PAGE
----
- Measure the error in rounding numbers using the IEEE-754 floating point standard
- Predict the outcome of loss of significance in floating point arithmetic

Not all real numbers can be stored exactly as floating point numbers. Consider a real number in the normalized floating point form:

\[x = \pm 1.b_1 b_2 b_3 ... b_n ... \times 2^m\]where \(n\) is the number of bits in the significand and \(m\) is the exponent for a given floating point system. If \(x\) does not have an exact representation as a floating point number, it will be instead represented as either \(x_{-}\) or \(x_{+}\), the nearest two floating point numbers.

Without loss of generality, let us assume \(x\) is a positive number. In this case, we have:

\[x_{-} = 1.b_1 b_2 b_3 ... b_n \times 2^m\]and

\[x_{+} = 1.b_1 b_2 b_3 ... b_n \times 2^m + 0.\underbrace{000000...0001}_{n\text{ bits}} \times 2^m\]The process of replacing a real number \(x\) by a nearby
machine number (either \(x_{-}\) or \(x_{+}\)) is called **rounding**, and the error involved is called **roundoff error**.

IEEE-754 doesn’t specify exactly how to round floating point numbers, but there are several different options:

- round towards zero
- round towards infinity
- round up
- round down
- round to the next nearest floating point number (either round up or down, whatever is closer)
- round by chopping

We will denote the floating point number as \(fl(x)\). The rounding rules above can be summarized below:

round by chopping: \(fl(x) = x_{-}\)

Note that the gap between two machine numbers is:

\[\vert x_{+} - x_{-} \vert = 0.\underbrace{000000...0001}_{n\text{ bits}} \times 2^m = \epsilon_m \times 2^m\]Hence we can use machine epsilon to bound the error in representing a real number as a machine number.

- Not necessarily associative: \((x + y) + z \neq x + (y + z)\).

This is because \(fl(fl(x + y) + z) \neq fl(x + fl(y + z))\).

- Not necessarily distributive: \(z \cdot (x + y) \neq z \cdot x + z \cdot y\).

This is because \(fl(z \cdot fl(x + y)) \neq fl(fl(z \cdot x) + fl(z \cdot y))\).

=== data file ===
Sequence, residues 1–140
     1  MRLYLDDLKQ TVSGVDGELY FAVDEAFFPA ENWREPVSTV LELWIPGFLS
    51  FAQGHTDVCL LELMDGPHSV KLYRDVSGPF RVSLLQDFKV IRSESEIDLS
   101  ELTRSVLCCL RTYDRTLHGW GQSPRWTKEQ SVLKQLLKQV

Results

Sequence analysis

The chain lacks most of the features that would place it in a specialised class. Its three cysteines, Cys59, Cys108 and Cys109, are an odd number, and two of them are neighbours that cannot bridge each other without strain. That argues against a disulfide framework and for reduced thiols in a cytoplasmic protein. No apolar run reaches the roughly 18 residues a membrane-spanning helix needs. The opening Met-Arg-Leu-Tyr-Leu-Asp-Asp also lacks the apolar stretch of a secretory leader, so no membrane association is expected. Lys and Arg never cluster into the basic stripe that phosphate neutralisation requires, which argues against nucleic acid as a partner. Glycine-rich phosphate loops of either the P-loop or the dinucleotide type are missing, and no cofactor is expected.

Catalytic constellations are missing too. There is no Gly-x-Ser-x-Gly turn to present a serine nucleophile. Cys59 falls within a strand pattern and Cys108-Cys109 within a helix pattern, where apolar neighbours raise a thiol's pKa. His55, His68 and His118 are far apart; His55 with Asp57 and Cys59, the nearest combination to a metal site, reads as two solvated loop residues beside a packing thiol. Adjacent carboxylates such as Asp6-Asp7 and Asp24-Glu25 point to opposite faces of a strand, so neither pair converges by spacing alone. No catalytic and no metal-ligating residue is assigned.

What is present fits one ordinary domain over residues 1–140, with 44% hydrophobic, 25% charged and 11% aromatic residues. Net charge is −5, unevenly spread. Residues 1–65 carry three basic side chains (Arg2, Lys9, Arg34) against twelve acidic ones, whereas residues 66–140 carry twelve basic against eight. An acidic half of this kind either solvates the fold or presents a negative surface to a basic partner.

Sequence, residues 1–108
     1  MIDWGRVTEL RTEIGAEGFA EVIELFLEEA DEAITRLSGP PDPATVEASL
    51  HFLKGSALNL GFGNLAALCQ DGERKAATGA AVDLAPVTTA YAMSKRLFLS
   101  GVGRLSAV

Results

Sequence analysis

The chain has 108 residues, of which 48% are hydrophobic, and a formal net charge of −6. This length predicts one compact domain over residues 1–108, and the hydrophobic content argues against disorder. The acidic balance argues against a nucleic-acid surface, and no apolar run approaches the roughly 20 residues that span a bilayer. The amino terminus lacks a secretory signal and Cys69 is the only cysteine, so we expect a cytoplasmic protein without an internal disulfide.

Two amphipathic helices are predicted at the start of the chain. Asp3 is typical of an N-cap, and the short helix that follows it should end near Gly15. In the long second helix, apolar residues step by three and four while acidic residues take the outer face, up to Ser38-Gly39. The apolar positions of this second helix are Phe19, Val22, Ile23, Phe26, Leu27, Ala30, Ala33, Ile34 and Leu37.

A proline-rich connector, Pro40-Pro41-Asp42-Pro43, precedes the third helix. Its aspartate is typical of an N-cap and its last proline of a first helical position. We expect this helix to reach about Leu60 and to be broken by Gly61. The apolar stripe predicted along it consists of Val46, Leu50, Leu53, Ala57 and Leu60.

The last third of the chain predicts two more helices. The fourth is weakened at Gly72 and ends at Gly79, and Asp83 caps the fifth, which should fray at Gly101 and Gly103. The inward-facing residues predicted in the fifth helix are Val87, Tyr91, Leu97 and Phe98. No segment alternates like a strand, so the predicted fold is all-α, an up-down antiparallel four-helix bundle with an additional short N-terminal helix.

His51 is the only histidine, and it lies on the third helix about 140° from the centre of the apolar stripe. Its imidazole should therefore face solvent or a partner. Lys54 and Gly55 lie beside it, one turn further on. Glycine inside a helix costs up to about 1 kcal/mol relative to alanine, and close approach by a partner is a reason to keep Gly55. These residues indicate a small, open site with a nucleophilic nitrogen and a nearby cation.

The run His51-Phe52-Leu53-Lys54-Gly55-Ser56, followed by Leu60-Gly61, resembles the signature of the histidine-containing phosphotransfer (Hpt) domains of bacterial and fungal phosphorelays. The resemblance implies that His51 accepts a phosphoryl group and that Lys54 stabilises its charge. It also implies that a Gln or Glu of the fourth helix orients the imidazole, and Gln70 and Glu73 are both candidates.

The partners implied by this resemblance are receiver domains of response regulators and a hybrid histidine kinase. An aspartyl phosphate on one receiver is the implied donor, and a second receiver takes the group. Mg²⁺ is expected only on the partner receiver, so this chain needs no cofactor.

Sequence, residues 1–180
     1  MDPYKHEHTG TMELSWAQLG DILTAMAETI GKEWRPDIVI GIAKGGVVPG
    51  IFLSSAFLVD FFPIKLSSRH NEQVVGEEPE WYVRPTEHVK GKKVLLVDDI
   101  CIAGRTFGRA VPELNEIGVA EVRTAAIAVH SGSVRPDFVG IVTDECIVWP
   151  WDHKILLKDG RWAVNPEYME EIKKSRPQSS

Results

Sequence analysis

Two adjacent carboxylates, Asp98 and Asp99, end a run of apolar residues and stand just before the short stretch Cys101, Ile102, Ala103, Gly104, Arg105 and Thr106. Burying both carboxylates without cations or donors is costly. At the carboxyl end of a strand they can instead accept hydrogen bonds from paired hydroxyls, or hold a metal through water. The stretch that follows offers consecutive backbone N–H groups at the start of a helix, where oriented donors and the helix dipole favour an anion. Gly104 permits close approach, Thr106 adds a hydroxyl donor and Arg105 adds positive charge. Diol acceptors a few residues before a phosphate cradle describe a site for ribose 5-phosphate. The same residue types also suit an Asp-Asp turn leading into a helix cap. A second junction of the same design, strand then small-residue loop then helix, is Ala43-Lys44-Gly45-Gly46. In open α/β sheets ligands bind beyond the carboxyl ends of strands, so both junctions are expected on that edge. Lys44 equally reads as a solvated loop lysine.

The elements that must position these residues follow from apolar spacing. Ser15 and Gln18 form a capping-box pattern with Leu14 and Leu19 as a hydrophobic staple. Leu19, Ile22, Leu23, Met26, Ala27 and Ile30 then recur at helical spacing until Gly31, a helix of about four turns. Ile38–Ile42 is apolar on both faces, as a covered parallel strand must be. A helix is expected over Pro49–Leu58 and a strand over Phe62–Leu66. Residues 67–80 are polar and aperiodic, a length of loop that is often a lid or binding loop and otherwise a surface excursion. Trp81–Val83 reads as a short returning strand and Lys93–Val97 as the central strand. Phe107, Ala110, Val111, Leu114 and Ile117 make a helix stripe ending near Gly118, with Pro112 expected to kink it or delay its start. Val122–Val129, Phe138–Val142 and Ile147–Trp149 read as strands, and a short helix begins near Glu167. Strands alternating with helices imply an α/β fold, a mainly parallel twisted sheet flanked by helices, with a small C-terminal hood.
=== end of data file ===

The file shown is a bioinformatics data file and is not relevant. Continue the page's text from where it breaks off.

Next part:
- Not necessarily cumulative: repeatedly adding a very small number to a large number may do nothing.

Adding two floating point numbers is easy. The basic idea is:

- Bring both numbers to a common exponent
- Do grade-school addition from the front, until you run out of digits in your system
- Round the result

For example, in order to add \(a = (1.101)_2 \times 2^1\) and \(b = (1.001)_2 \times 2^{-1}\) in a floating point system with only 3 bits in the fractional part, this would look like:

\[\begin{align} a &= 1.101 \times 2^1 \\ b &= 0.01001 \times 2^1 \\ a + b &= 1.111 \times 2^1 \\ \end{align}\]

You’ll notice that we added two numbers with 4 significant digits, and our result also has 4 significant digits. There is no loss of significant digits with floating point addition.

Floating point subtraction works much the same was that addition does. However, problems occur when you subtract two numbers of similar magnitude.

For example, in order to subtract \(b = (1.1010)_2 \times 2^1\) from \(a = (1.1011)_2 \times 2^1\), this would look like:

\[\begin{align} a &= 1.1011???? \times 2^1 \\ b &= 1.1010???? \times 2^1 \\ a - b &= 0.0001???? \times 2^1 \\ \end{align}\]

When we normalize the result, we get \(1.???? \times 2^{-3}\). There is no data to indicate what the missing digits should be. Although the floating point number will be stored with 4 digits in the fractional, it will only be accurate to a single significant digit. This loss of significant digits is known as ** catastrophic cancellation**.

Consider the function \(f(x) = \sqrt{x^{2} + 1} - 1\). When we evaluate \(f(x)\) for values of \(x\) near zero, we may encounter loss of significance due to floating point subtraction. If \(x = 10^{-3}\), using five-decimal-digit arithmetic, \(f(10^{-3}) = \sqrt{10^{-6} + 1} - 1 = 0\).

A method of avoiding loss of significant digits is to eliminate subtraction:

\[f(x) = \sqrt{x^{2} + 1} - 1 = \frac{ (\sqrt{x^{2} + 1} - 1) \cdot (\sqrt{x^{2} + 1} + 1) } { \sqrt{x^{2} + 1} + 1 } = \frac{ x^{2} } { (\sqrt{x^{2} + 1} + 1) }\]Thus for \(x = 10^{-3}\), using five-decimal-digit arithmetic, \(f(10^{-3}) = \frac{ 10^{-6} } { 2 }\).

- See this review link

- 2022-01-30 Yuxuan Chen yuxuan19@illinois.edu: added new FP content; added FP subtraction example
- 2020-04-28 Mariana Silva mfsilva@illinois.edu: started from content out of FP page; added new rounding text